An employee of a local restaurant has died after exhibiting COVID-19 symptoms and coworkers have filed a complaint with state and county regulators over safety protocols at the location.
Employees at the Santa Monica Burger King, located on the 1900 block of Pico Blvd., say Angela Martinez Gómez died on July 6 and that managers let her come to work while she exhibited symptoms consistent with COVID-19.
“Several workers walked out for safety on July 6, after learning of Angela’s death,” said a complaint filed with CAL/OSHA and the Los Angeles County Department of Public Health. “A worker shouldn’t have to die and workers shouldn’t have to strike to call attention to COVID-19 safety at Burger King.”
According to the complaint, Martinez worked sick for a full week before leaving her shift early on June 29. The complaint states she was coughing, nauseous and taking frequent bathroom breaks. It states she was self-medicating with cold medicine and that employees learned she had died on July 6.
The complaint said a second employee also worked during the same time while exhibiting chills and a high temperature.
Yolanda Garcia filed the complaint and said she is the third employee to develop symptoms.
“I feel very worried and I have a bad headache,” she wrote. “July 8 I woke up coughing with chills, shaking and body aches, my right lung hurts making it difficult to breathe, and I am very tired. I am worried about my health and my family’s health; eight of us live together, and my brother and I both have diabetes. Last week I visited my grandchildren, and now I do not know if I have COVID-19, or if I gave it to them. I am worried.”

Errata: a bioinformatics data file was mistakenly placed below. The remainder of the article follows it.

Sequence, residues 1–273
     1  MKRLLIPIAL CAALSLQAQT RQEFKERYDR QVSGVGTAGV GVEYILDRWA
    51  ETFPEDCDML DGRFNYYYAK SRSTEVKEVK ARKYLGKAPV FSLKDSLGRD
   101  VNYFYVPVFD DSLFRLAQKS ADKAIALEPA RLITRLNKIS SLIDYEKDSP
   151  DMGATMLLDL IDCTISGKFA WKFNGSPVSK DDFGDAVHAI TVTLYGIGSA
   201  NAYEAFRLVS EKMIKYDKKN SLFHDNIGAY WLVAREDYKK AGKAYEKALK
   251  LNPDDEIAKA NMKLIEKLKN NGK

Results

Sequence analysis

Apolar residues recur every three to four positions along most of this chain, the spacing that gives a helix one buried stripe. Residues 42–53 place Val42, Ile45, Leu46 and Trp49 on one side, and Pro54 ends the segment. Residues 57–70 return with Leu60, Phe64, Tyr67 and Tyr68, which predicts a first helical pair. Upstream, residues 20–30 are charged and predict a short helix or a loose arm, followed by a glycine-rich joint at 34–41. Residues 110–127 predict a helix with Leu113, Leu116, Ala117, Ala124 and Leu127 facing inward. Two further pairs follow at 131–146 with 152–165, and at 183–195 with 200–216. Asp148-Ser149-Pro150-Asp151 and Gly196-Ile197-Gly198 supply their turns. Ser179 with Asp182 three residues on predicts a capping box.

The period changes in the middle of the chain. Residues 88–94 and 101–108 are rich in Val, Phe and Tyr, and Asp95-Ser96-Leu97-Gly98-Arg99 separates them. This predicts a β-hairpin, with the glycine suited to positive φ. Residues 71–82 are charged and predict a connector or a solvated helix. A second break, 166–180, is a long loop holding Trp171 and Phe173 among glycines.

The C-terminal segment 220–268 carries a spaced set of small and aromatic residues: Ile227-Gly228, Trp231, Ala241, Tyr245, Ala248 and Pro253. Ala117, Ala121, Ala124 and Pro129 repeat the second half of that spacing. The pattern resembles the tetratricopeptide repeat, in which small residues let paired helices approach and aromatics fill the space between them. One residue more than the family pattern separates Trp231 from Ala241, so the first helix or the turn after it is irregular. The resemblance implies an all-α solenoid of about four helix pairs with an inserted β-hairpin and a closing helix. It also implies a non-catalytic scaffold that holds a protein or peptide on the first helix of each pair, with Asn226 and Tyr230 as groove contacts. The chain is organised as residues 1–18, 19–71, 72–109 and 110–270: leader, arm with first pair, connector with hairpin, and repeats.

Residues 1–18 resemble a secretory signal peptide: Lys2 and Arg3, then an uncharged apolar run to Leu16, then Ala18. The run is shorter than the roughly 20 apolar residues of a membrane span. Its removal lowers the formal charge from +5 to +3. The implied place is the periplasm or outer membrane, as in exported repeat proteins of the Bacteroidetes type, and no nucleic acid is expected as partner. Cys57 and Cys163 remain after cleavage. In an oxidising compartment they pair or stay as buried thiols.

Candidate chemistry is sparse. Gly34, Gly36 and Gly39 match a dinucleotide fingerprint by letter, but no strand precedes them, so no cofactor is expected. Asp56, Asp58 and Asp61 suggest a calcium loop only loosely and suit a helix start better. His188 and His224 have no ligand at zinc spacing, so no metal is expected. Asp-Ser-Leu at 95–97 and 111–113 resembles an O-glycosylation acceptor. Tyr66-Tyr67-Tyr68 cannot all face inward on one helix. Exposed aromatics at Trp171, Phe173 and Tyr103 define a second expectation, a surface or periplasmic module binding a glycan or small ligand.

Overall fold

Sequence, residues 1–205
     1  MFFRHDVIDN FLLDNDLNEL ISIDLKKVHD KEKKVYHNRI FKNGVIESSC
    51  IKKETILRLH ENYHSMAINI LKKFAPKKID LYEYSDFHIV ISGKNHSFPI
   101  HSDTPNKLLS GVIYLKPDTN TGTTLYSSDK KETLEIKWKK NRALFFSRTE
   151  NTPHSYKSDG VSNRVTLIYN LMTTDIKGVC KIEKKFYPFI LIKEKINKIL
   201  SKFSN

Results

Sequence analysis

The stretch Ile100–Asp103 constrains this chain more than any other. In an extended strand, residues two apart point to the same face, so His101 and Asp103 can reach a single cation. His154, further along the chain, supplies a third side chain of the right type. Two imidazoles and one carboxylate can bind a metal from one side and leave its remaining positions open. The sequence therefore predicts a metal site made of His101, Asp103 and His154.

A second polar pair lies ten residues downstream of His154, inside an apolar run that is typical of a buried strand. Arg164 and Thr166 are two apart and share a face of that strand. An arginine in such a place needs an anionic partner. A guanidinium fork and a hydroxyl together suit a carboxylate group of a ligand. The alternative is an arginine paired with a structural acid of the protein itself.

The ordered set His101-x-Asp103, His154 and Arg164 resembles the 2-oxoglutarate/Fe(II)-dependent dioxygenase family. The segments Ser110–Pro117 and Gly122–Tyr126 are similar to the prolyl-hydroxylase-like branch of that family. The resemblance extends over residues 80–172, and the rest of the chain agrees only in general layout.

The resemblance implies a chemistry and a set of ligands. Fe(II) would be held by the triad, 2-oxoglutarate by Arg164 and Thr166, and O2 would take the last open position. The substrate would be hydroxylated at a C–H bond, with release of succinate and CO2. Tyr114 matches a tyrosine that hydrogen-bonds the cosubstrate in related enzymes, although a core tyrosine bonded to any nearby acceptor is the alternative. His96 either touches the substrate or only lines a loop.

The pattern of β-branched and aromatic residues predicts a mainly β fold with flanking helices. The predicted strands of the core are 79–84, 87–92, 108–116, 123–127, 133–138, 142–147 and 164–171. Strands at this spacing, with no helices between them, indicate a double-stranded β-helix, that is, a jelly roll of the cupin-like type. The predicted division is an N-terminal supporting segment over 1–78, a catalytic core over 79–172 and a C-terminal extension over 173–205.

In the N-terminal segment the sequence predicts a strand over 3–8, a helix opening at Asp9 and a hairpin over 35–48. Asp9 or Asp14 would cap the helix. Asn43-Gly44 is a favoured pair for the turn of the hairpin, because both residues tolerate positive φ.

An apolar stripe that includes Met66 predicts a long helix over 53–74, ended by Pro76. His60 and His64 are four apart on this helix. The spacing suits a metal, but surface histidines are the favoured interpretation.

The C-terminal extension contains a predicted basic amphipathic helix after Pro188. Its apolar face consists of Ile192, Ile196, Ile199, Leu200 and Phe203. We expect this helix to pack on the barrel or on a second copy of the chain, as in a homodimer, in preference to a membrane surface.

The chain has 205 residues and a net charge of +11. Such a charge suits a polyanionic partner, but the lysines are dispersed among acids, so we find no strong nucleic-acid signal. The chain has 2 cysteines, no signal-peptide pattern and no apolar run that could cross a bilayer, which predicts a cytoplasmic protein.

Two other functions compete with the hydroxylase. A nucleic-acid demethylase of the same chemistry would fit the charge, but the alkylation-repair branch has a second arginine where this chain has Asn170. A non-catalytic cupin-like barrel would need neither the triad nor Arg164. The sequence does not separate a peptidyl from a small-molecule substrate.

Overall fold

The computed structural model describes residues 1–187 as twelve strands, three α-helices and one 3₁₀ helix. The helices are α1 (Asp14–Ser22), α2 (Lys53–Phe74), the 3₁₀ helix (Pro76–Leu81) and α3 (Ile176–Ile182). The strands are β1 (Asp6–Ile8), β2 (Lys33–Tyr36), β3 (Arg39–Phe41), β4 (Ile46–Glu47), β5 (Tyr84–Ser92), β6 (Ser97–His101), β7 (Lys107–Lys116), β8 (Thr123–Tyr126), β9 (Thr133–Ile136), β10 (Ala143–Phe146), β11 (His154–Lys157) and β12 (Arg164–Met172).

Garcia said she told the manager about her concerns but was told Martinez’s death was a result of medical treatment, not COVID-19 as Gomez was transgender and taking hormones.
“I don’t know of anyone who has been notified as a close contact or quarantined” said Garcia. “I told (the manager) I was going to get tested for COVID-19, and she said she was going to get tested too, but she also said she didn’t think Angela died of COVID-19, she said Angela died of injecting hormones. That doesn’t make sense to me.”
Garcia said Martinez had been taking hormones for a long time during her transformation and she couldn’t conceive of the medications suddenly causing her death. Rather, she thinks the company was trying to avoid responsibility for the situation given Martinez has been sick while on shift.
In her complaint, Garcia alleges the restaurant has not provided fresh masks for each shift, does not implement physical distancing requirements in the kitchen, has not trained staff on safety protocols and doesn’t clean frequently enough.
She is asking regulators to immediately close the location until a cleaning and safety plan has been approved. She wants employees to be paid during any temporary closure or during quarantines associated with work-place exposure and for any violations of health orders to be prosecuted.
Speaking to The Daily Press through a translator, Garcia said the first available date for a COVID test was July 16 and while she has signed up for an appointment, she continues to have symptoms such as a cough, loss of appetite, head ache, chills and weakness. She said the situation is also taking a toll on her emotional wellbeing because she is constantly thinking about the company and its lack of care for employees, their families and customers.
“I truly believe that they don’t care about our health, they don’t care about us as a people and they don’t care about anybody except their income and the money they can make. That’s all they care about,” she said.
Garcia said she wanted the community to know about the situation so they can take steps to protect themselves if they went to the restaurant and she didn’t want the situation to be a secret that could hurt more people.
Other fast-food restaurants have made national news over their failures to protect workers. Several McDonald’s restaurants in Chicago were ordered to tighten standards after a lawsuit from employees and a McDonald’s restaurant in Oakland was shut-down due to insufficient efforts to protect workers.